Richard Attwood, Porsche’s first ever overall winner at Le Mans in 1970, is now 77 years old. Normally, that’s the stage of life where most of us mortals are thinking about what colour slippers we should be wearing. But for a man who’s raced everything from a 917K to a Triumph TR3A via 908s and Formula One, retirement isn’t even a consideration.
And so here we find him, not only competing at Oulton Park in a 928, but racing it hard. He’s already had some cracking results this season, including a podium finish at Silverstone in the first outing. And this weekend he’s competing in the Historic Sports Car Club’s iconic Gold Cup weekend in the 70s Road Sports race, up against everything from a Morgan Plus 8 to an MG B.
The reason the car is here is easy. It’s the 928’s 40th anniversary and Porsche being Porsche, the only way to celebrate that sort of milestone is to get one out of retirement and go racing.
But it’s Attwood that is the more intriguing part of this story. How does he still have the competitive bug after all these years? “It’s much like riding a bike – once you’ve done it you never lose the knack. And I’m lucky enough that I found something I was good at and had an aptitude for, so it makes sense to me to keep doing it.”
But still, this is the first ‘season’ of racing he’s done for a while. He’s loved the appearances he’s done over the years at Goodwood Festival of Speed and Revival, but to actually string a series of races together, that’s something new for 2017.
It’s not about harking back to the old days though. People can wrongly assume that historic club racing in 2017 and the sort of thing that Richard did in period would be quite similar propositions. He’s quick to put any of those sort of misconceptions to bed.
“It was a completely different atmosphere back then. At Oulton Park today, it’s all quite relaxed, but in the 60s and 70s there was a lot of pressure. Porsche was spending vast sums on racing, and there was a detailed plan for every race. There was even a plan, never carried out, for everyone to have a new car for each race to eliminate reliability problems, because they were built to such fine margins.”
Porsche’s admirable drive to learn and improve was linked to this ultra-competitive spirit, and it's one of the reasons racing for Porsche appealed to Richard. He was never happier than when he was learning. It’s why he counts his first season’s racing, driving the road-legal Triumph, as his fondest memory.
That’s one of the reasons racing for Porsche appealed to Richard. He was never happier than when he was learning. It’s why he counts his first season’s racing, driving the road-legal Triumph, as his fondest memory.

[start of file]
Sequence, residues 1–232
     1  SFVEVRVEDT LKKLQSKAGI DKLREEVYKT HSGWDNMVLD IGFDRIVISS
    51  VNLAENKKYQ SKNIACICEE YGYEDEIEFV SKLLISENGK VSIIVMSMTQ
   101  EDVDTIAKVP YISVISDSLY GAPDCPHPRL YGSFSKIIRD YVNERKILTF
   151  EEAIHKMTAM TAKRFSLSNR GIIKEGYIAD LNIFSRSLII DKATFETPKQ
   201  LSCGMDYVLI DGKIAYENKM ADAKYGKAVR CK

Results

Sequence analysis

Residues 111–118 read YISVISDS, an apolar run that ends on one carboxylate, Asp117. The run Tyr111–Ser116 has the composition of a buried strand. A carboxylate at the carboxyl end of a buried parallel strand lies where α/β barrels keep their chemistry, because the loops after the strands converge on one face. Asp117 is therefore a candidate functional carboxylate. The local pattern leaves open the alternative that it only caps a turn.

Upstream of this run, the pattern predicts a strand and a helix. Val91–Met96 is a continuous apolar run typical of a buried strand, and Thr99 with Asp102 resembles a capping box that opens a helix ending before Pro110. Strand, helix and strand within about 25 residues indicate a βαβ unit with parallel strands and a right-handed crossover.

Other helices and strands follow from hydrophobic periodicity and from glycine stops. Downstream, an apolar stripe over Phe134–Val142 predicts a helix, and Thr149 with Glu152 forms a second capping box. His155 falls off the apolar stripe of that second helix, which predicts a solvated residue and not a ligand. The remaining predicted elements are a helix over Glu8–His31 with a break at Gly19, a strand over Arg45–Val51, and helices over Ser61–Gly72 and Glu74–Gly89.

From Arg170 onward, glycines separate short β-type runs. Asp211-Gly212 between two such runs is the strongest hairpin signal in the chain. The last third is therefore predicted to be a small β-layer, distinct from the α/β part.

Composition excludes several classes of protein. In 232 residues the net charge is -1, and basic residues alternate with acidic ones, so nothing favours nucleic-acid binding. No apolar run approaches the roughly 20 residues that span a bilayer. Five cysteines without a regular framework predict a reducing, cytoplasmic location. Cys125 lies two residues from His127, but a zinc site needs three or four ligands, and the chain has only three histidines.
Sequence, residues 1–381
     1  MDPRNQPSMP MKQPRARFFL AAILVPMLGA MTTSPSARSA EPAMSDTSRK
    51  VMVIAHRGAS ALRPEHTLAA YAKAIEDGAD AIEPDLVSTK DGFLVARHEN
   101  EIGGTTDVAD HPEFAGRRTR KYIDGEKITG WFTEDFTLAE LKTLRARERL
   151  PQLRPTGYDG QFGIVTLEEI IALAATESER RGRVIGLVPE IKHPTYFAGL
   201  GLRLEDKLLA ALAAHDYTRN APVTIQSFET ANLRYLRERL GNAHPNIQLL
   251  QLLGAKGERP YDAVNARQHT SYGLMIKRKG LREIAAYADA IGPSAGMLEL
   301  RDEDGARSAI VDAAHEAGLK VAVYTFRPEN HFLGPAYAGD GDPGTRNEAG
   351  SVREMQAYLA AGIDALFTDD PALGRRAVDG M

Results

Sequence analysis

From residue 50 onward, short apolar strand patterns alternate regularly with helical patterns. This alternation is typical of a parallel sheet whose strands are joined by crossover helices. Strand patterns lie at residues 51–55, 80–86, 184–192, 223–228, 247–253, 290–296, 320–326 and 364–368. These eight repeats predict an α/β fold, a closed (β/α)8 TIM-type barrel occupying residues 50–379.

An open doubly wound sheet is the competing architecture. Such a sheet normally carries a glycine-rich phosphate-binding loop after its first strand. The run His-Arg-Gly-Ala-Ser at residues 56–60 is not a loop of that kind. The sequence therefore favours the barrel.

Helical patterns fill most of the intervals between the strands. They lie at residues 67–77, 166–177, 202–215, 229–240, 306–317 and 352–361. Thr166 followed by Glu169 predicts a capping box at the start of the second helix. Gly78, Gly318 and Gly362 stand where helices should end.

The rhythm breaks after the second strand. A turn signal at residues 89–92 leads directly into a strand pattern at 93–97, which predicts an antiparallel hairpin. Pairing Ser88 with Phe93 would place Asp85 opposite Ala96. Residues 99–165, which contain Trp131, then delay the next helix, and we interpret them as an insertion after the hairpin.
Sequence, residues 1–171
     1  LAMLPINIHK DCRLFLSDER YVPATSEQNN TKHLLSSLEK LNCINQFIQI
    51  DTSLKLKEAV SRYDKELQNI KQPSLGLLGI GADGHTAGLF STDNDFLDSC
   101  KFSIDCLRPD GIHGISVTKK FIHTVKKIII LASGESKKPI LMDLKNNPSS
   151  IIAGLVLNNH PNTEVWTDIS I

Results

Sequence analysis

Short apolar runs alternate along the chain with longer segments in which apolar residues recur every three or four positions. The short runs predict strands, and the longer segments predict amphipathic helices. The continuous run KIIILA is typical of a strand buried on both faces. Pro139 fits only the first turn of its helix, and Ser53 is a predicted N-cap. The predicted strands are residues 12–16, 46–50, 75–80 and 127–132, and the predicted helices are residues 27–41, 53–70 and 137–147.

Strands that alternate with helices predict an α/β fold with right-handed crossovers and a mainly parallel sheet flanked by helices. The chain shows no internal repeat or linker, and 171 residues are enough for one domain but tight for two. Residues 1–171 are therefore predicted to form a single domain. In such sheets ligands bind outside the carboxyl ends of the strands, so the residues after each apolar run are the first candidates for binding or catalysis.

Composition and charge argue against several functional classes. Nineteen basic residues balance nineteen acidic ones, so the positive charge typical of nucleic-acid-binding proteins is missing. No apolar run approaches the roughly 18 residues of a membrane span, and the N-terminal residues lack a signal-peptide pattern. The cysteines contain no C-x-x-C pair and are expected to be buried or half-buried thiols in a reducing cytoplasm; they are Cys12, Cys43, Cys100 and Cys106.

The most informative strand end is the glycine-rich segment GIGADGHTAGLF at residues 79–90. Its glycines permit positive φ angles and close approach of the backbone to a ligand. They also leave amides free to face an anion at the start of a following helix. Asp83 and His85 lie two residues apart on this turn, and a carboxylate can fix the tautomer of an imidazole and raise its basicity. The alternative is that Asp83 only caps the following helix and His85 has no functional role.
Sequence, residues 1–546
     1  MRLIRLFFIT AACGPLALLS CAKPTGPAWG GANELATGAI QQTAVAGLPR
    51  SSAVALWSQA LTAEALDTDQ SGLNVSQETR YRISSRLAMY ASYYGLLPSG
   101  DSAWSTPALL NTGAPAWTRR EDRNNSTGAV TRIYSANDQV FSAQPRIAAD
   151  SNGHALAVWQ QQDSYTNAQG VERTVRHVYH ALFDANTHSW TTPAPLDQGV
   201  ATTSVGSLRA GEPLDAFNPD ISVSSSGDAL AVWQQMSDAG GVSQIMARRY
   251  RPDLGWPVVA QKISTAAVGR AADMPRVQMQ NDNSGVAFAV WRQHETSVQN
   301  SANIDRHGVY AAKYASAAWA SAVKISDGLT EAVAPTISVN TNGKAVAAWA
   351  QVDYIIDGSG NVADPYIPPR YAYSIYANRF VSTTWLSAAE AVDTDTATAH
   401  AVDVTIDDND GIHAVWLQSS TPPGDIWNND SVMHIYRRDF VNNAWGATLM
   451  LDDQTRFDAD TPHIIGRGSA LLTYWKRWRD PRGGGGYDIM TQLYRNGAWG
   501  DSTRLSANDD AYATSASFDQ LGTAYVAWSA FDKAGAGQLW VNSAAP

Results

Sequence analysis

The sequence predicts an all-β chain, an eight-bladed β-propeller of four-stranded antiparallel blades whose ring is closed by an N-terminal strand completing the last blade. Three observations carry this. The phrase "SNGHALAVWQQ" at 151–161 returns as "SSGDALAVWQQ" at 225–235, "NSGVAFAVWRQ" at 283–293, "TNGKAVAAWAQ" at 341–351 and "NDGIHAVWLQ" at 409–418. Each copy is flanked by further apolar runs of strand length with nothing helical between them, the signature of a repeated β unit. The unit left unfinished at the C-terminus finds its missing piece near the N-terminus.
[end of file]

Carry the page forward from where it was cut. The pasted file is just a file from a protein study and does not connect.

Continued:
You get the sense he’s a pretty straight forward, realistic chap. When Porsche asked him what he wanted for the 1970 Le Mans, he chose the oldest driver as his teammate “because this was endurance racing, and I knew we’d have more chance of finishing” with Hans Herrmann, and by using the smaller 4.5-litre engine. “It all needed to be simple.”
Not that he lacks the competitive edge. He spent the first few hours of that 1970 race kicking himself because the 5.0-litre 917s all drove off into the distance and he thought he’d made the wrong engine choice. And his proudest moment was when he bested the likes of Frank Gardner and Jo Schlesser in a Formula Junior win in 1963 at Monaco.
Like all professional racers, he’s reflective of the various ups and downs his career took. The wasted years at BRM are something he rues now, but there’s no real regret with Richard, no bitterness. “It’s just circumstances. Yes, my career stalled with BRM, but then who knows what might have happened. I might not even be around now if I’d got into F1 permanently. I’m still here and a lot of others aren’t.”
It’s a stark reminder as to why Richard is the sort of relaxed bloke that he is today. There’s an edge to him, of course – no-one can achieve what he has without it – but he’s happy and content. He still loves the various Goodwood events – “that’s been my career recently” – and enjoys meeting people who are keen to talk to him, but he’s not arrogant, not anxious to trade off his past. And there’s no ego.
This is a man who doesn’t waste time on emotion: “I can’t recall what my father’s reaction was when I won Le Mans”, but he is absolutely clear on all the details on the cars and the races. That’s not to say he’s some sort of automaton, but he just has a logical way of going about his job. And it is a job to him, because he still feels he’s a professional driver.
So there’s certainly no sense of retirement beckoning. Thank goodness. The world will be a poorer place without Richard Attwood racing whatever he can get his hands on.